• The Mewtwo that appears in Genesect and the Legend Awakened is a different one from the one in Mewtwo Strikes Back and its direct sequel. However, despite a slight change in personality, voice and abilities, it functions almost exactly like the original, and little justifies the existence of this new one (in and of itself a bizarre choice as prior to this it was universally depicted as a Single Specimen Species). Made even more apparent considering the prologue dedicated to it gives it almost the exact same past as the old one, but with all things Team Rocket related removed, and the film's ending, which puts it in a city... which is exactly where we last saw the original Mewtwo.
    • The 1998 Japan-only radio drama It's a White Tomorrow, Team Rocket! introduced a Team Rocket trainee named "Mondo". Years later, an extremely similar looking ex-Team Rocket member named "Yusaku" ("Christopher" in the English dub) appeared as a Character of the Day in Sinnoh.
  • Sakuya Tougane is a one for Shinya Kougami in the second season of Psycho-Pass. It is strongly implied, OTOH, that he is Kougami in a Paper-Thin Disguise, though ultimately it just was the animators trolling the audience. With Togane turning out to be one of the main villains of the series.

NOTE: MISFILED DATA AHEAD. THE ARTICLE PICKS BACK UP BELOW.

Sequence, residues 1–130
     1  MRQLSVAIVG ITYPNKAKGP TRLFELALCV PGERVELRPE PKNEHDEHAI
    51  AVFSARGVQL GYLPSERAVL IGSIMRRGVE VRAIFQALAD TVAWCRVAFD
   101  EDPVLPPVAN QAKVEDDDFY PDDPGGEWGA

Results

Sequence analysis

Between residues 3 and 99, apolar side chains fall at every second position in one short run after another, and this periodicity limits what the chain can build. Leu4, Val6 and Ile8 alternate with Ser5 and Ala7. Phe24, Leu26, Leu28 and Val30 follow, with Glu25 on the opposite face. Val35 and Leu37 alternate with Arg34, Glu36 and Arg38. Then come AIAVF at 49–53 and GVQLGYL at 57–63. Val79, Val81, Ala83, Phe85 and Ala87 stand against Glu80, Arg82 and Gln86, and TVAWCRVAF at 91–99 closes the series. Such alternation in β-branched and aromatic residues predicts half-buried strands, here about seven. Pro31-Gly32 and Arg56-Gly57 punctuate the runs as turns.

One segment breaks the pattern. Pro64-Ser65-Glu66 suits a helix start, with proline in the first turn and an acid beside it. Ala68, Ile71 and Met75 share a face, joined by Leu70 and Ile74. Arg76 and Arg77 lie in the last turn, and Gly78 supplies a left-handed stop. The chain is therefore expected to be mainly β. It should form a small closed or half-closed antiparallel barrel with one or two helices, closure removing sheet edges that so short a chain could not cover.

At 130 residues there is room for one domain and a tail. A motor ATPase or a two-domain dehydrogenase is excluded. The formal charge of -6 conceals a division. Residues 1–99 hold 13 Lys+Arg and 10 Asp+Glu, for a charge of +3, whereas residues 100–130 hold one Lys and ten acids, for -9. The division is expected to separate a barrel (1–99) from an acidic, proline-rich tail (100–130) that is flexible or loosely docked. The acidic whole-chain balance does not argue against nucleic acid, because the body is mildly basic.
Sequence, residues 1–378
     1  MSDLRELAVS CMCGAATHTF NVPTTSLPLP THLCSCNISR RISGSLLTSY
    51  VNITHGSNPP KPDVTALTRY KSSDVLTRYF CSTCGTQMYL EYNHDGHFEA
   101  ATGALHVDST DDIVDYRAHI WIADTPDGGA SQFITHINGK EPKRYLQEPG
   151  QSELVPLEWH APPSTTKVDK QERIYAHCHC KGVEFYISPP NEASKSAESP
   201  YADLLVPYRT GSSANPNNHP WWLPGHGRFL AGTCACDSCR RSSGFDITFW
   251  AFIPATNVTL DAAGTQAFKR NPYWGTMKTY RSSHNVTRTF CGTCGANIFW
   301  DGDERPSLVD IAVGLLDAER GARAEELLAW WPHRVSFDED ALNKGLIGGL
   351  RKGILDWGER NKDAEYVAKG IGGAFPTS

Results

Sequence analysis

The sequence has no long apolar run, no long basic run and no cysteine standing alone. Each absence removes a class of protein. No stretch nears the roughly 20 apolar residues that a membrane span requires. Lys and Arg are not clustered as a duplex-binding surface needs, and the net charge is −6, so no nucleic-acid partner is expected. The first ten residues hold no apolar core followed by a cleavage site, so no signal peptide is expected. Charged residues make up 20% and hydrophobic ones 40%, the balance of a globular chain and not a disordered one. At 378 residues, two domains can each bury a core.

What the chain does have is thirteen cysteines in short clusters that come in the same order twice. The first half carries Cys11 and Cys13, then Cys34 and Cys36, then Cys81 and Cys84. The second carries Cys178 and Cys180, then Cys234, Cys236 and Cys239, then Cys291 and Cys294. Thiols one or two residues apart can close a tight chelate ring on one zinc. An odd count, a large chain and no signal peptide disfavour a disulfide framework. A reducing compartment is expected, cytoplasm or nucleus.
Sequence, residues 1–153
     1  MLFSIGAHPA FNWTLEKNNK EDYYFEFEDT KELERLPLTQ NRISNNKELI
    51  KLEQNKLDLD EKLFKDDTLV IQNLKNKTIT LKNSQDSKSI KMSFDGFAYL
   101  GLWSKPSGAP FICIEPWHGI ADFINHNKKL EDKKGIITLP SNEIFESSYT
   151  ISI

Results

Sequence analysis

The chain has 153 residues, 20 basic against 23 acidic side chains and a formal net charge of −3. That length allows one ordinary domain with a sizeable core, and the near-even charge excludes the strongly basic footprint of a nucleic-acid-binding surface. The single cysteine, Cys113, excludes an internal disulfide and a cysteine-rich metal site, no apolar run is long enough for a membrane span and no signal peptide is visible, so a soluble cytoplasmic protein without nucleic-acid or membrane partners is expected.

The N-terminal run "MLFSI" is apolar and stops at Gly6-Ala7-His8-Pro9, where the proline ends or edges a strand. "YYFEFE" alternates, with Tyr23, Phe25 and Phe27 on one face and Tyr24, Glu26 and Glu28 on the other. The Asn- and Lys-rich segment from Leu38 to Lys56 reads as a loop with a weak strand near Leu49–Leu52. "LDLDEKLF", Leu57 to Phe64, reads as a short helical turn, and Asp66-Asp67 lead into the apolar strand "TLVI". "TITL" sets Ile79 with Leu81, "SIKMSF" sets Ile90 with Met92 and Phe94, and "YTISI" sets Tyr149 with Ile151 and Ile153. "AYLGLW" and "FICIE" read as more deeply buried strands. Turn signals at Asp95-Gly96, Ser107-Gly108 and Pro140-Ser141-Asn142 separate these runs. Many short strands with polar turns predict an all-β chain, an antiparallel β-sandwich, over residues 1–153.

• Saint Seiya: Lyra Orpheus was popular in the first movie and so later on in the Hades Saga, Lyra Orphee was created with the exact same backstory, lover, Cloth and hair style except he wasn't as dark and wasn't a villain.
  • Tenchi Muyo! is unique in that the third OVA did something of an alternate continuity substitution. Mihoshi's partner in the Galaxy Police had long been Kiyone Makibi in the Universe and Tokyo continuities, but supplemental materials Kiyone was the name of Tenchi's Mother (The first movie, based off the first TV series, named her Achika). OVA 3 introduces us to Noike, who happens to be Mihoshi's previously not known to exist GXP partner, while Tenchi's mother is finally officially named as Kiyone (and (re)introduced, in a way, by Tenchi's older sister who is strangely identical to her).
  • Scattorshot in Transformers Cybertron is an expy of Ironhide from Transformers Energon. Likewise, the Jones family in Energon is this to the Witwickys from Transformers: Generation 1.